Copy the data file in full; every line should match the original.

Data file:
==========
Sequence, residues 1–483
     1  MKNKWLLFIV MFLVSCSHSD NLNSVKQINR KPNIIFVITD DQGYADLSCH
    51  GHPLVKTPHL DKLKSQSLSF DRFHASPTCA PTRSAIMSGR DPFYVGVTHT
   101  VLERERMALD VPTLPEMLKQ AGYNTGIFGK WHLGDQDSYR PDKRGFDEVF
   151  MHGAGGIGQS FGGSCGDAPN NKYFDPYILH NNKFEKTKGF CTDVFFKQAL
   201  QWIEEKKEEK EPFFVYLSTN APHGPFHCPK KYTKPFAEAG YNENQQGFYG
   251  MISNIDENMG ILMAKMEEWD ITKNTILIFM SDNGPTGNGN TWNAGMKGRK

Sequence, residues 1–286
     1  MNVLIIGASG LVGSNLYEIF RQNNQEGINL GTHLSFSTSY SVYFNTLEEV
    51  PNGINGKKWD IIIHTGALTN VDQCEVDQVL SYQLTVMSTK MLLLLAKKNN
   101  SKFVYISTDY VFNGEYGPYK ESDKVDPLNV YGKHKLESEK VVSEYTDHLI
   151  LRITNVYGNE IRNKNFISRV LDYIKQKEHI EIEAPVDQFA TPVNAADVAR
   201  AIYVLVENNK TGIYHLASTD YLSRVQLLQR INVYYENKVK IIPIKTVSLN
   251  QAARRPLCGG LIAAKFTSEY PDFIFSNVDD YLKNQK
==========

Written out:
Sequence, residues 1–483
     1  MKNKWLLFIV MFLVSCSHSD NLNSVKQINR KPNIIFVITD DQGYADLSCH
    51  GHPLVKTPHL DKLKSQSLSF DRFHASPTCA PTRSAIMSGR DPFYVGVTHT
   101  VLERERMALD VPTLPEMLKQ AGYNTGIFGK WHLGDQDSYR PDKRGFDEVF
   151  MHGAGGIGQS FGGSCGDAPN NKYFDPYILH NNKFEKTKGF CTDVFFKQAL
   201  QWIEEKKEEK EPFFVYLSTN APHGPFHCPK KYTKPFAEAG YNENQQGFYG
   251  MISNIDENMG ILMAKMEEWD ITKNTILIFM SDNGPTGNGN TWNAGMKGRK

Sequence, residues 1–286
     1  MNVLIIGASG LVGSNLYEIF RQNNQEGINL GTHLSFSTSY SVYFNTLEEV
    51  PNGINGKKWD IIIHTGALTN VDQCEVDQVL SYQLTVMSTK MLLLLAKKNN
   101  SKFVYISTDY VFNGEYGPYK ESDKVDPLNV YGKHKLESEK VVSEYTDHLI
   151  LRITNVYGNE IRNKNFISRV LDYIKQKEHI EIEAPVDQFA TPVNAADVAR
   201  AIYVLVENNK TGIYHLASTD YLSRVQLLQR INVYYENKVK IIPIKTVSLN
   251  QAARRPLCGG LIAAKFTSEY PDFIFSNVDD YLKNQK